Bob Hope, a comic legend who made it big in radio, films, and TV, was born on May 29, 1903. Let’s celebrate his birthday with some memories.
Hope was born in the United Kingdom, yet he and his family would cross the Atlantic when young Leslie Townes Hope was just four years old. Hope was born into a big family, so he did his best to help them by working odd jobs. His mother, though, was a singer and started teaching her son about music.
Ultimately, Bob Hope found himself playing in a Vaudeville act that put him on Broadway. He went off to do his own act in the 1930s and, well, Hope started flashing his quick, rapid-fire style of comedy. He married Dolores Reid in 1934 and stayed married to her until his death.
Bob Hope Found His Theme Song In Breakthrough Film Role
Hope began getting parts with the right people. He appeared in “Ziegfeld Follies of 1936,” then starred opposite Ethel Merman and Jimmy Durante in “Red, Hot, and Blue.” Hope procured his first solo radio contract in 1937. In 1938, he starred in a weekly radio show that ran through the 1950s.
By that time, he started making inroads in the film industry. His breakthrough film role came in “The Big Broadcast of 1938,” where he sang “Thanks For The Memory.” That tune became Hope’s theme song.
In the 1940s, Bob Hope became a big box-office star thanks to pairing up with singer Bing Crosby for their “Road” pictures. Hope and Crosby would play gags or insert comedy into dramatic points.
As television began entering people’s homes, Hope was not far behind. In 1950, he starred in his first special for NBC. Hope and the network had a unique relationship, one that lasted 40 years.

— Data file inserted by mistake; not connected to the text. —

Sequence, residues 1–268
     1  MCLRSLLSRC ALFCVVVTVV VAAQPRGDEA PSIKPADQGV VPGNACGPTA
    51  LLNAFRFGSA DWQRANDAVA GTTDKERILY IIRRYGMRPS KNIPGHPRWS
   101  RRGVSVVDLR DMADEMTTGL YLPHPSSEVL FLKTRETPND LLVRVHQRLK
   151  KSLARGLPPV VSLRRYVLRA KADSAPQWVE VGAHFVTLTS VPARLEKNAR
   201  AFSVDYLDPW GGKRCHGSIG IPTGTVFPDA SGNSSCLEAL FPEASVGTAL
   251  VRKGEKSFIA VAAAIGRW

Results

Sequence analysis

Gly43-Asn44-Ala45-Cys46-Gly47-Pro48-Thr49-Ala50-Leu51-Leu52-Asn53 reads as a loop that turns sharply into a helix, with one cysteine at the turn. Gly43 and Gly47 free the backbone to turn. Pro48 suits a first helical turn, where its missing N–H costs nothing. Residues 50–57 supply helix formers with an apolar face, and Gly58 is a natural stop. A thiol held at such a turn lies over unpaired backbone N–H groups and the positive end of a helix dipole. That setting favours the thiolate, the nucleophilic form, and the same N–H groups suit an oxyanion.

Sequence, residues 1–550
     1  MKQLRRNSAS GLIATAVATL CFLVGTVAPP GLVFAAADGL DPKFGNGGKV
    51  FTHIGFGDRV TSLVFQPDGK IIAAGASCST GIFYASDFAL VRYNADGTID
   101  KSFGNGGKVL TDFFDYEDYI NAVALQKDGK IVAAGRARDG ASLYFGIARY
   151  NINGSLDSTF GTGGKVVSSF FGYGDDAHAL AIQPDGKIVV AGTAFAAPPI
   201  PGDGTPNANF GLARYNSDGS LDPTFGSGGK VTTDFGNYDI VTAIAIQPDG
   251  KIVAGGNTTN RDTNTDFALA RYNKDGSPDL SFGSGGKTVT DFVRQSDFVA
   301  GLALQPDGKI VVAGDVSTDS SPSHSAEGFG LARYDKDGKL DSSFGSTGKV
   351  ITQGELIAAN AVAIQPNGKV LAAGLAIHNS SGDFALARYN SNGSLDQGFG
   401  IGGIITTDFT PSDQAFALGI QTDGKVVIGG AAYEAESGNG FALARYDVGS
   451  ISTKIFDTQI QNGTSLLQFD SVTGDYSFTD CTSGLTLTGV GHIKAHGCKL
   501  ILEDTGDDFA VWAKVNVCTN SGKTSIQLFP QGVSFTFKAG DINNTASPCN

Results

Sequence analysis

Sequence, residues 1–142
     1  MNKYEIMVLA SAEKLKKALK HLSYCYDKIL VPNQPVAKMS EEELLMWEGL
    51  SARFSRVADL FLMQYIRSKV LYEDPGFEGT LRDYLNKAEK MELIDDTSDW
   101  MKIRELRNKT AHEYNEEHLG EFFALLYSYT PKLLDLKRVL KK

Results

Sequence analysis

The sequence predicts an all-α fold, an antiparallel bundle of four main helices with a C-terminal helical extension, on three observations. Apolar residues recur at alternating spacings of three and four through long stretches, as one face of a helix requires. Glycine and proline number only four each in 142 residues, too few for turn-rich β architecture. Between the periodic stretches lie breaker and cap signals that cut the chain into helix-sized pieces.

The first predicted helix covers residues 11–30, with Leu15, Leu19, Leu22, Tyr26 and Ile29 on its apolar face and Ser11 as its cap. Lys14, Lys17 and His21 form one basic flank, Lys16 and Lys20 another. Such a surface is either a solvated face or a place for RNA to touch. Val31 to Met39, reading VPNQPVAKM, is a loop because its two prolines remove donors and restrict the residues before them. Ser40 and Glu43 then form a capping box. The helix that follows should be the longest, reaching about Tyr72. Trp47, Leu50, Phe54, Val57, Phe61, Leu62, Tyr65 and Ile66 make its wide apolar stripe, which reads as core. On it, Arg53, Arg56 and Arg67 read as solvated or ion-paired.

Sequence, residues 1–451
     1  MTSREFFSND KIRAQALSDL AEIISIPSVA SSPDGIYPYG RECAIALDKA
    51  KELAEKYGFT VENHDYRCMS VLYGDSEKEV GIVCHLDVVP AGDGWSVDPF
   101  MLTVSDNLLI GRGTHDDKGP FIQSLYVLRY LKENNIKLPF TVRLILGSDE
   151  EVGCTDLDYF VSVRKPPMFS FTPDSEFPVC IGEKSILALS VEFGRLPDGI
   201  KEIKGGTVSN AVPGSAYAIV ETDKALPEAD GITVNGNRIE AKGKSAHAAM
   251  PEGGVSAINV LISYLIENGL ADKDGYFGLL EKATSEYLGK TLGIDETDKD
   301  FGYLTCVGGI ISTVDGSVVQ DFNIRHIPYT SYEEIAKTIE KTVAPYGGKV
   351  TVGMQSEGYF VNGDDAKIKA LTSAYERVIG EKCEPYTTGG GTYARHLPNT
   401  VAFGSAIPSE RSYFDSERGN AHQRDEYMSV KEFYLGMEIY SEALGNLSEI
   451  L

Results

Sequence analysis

Hope Brought Himself, Entertainers to Soldiers in War Zones
It was also on NBC where Bob Hope would air his Christmas specials as he would take entertainers over to visit the troops during the Vietnam War.
Hope’s visits with the troops dated back to World War II. He worked closely with the USO to bring some light-hearted humor to those fighting in war zones.
His continued work in television and as host of the Academy Awards kept Hope in the limelight. But he began to slow down and his final TV special, “Bob Hope: Laughing With the Presidents,” aired in 1996.
Bob Hope died on July 27, 2003, at 100 years old. Hope’s career and achievements remain indelibly etched in people’s hearts. In this film clip from Hope’s 1955 movie “The Seven Little Foys,” where he plays Vaudeville star Eddie Foy, one gets a glimpse of the entertainer himself. Hope shares the scene with actor James Cagney, who reprised his role of George M. Cohan for this scene. Thanks for the memory, Bob.